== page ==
Well, that's an interesting proposal, but has weaknesses all of its own. I don't understand what you mean by using daily one time use salts with MD5 or SHA1. RC4 is a stream cipher, not a hash algorithm, and PKCS7 is cryptographic message syntax, not a padding specification. Given that a password is likely to be less than 16 characters in length, you are only going to have a single encrypted block, so I'm not sure what CBC mode gets you. So I'll ignore the cryptographic buzzword part of your proposal - please feel free to elaborate on it.
For the rest, complexity is the enemy of security. Using reversible encryption certainly lets you change the key every now and again, but now your super secret key must be present in the process that validates passwords, archived securely, etc. It can't just reside on a java card.
What additional security does using reversible encryption buy you? It prevents offline brute force attacks on the password database, but on the other hand, compromise of the key automatically compromises all passwords in that database. What additional security does changing the key buy you? It lets you decrypt and re-encrypt existing passwords, changing the value recorded in the database without the user having to change their password. Someone who had compromised your password database could now... what? Strong encryption already prevented offline brute force attacks, so changing the key regularly is only useful if someone has compromised your key, or you suspect they have. If they have done that they already have all your users existing passwords, requiring you to issue new passwords to all your users anyway. So key changing only mitigates the vulnerability that the key can decrypt all passwords - something salting doesn't suffer from in the first place.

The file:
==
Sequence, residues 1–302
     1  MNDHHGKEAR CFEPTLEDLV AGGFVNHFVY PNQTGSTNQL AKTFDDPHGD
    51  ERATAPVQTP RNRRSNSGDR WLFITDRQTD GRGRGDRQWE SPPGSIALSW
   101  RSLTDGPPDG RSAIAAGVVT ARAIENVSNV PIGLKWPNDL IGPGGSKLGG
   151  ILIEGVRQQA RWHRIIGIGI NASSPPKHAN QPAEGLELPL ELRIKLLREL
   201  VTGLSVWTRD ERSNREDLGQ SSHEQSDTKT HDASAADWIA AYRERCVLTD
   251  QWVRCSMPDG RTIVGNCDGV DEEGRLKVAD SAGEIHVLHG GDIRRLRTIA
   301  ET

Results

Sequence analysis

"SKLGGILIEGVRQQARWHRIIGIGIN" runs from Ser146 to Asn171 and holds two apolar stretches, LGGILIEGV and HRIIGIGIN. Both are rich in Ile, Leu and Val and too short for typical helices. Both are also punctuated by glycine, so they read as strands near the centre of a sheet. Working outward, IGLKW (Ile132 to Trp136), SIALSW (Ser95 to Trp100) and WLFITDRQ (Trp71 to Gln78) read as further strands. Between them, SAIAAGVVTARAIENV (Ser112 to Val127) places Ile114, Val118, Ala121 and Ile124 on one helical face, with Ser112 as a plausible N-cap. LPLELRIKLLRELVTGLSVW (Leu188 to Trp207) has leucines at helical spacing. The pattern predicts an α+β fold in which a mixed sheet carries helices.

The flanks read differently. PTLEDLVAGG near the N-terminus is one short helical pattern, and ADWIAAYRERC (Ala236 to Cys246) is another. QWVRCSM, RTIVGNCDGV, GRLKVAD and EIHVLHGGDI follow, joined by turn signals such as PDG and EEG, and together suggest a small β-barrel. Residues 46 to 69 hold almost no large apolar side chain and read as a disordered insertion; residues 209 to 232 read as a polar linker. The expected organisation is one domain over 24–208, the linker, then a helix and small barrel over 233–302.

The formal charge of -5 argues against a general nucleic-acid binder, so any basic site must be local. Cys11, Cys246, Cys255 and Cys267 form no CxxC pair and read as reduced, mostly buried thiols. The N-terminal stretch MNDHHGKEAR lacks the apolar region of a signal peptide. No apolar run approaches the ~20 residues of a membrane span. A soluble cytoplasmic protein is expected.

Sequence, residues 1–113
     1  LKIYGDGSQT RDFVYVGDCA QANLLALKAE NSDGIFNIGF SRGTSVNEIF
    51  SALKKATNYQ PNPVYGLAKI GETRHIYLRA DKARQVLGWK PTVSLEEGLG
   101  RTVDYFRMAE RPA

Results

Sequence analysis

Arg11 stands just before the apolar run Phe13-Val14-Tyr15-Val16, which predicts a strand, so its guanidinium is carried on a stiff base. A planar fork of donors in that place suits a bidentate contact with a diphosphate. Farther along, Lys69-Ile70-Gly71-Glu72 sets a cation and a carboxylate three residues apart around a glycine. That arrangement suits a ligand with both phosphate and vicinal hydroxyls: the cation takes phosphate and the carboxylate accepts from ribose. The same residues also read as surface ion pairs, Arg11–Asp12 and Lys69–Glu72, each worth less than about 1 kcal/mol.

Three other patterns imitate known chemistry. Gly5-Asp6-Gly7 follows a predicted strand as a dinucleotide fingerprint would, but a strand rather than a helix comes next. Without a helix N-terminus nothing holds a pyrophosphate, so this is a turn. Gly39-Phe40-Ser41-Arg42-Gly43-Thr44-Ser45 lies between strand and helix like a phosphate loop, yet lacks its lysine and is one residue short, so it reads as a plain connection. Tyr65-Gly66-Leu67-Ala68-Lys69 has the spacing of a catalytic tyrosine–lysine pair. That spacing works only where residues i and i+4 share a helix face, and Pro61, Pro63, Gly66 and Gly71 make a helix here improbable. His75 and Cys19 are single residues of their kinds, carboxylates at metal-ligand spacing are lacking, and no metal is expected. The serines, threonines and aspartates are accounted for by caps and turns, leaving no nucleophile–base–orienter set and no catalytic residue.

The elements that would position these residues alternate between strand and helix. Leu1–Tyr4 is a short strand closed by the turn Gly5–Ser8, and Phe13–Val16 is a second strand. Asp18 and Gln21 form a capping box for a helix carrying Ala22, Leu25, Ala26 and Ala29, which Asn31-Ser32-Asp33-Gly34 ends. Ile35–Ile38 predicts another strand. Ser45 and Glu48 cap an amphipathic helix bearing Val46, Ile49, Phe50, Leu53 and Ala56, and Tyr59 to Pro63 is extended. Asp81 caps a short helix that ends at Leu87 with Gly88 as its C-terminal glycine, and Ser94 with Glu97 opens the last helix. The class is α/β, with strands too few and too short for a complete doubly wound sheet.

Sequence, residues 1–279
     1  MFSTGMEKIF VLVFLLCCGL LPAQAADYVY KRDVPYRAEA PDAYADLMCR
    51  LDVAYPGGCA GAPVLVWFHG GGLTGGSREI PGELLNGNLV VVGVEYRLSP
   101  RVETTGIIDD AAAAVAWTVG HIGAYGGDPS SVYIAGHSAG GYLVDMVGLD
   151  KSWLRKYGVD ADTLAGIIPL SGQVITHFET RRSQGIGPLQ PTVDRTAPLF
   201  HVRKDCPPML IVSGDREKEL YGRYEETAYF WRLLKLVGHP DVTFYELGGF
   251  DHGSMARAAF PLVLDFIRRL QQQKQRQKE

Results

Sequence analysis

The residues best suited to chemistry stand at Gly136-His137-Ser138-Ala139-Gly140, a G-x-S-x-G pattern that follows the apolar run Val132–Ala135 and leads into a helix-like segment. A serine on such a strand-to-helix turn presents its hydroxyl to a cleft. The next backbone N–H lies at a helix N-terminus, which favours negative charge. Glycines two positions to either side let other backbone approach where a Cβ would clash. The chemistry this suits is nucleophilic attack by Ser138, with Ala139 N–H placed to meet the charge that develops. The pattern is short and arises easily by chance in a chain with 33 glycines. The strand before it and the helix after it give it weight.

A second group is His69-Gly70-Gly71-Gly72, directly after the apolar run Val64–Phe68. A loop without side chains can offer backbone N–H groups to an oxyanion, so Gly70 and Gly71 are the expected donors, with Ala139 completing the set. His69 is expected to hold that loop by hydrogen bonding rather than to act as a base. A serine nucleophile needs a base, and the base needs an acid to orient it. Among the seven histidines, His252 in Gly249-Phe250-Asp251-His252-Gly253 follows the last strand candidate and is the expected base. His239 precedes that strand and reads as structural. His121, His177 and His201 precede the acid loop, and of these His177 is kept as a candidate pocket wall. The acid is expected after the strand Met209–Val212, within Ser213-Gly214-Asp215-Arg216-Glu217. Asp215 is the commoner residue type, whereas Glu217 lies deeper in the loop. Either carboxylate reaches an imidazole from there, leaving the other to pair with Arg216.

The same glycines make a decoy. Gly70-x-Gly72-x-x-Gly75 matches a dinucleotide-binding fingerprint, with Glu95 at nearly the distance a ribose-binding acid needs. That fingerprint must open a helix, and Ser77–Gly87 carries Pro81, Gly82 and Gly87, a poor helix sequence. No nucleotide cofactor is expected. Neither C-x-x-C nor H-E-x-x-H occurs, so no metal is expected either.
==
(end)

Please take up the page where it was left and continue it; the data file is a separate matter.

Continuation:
Salting has the great advantage that it is simple, keeping cryptographic secrets is not required and is still good enough for most practical purposes. Compromise of a salt only lets an attacker mount a brute force attack against a single password. If you also use a tunable iterative password hashing algorithm, you can selectively increase the strength every year to keep up with advances in hardware. There are even hash algorithms designed not to work well on parallel GPU architectures.
By the way, I'm not saying that salting is the only way to do this, or that reversible encryption should never be used. Just that your proposal doesn't give me any confidence that my security would improve a lot, but does give me a lot of extra complexity and cost to manage.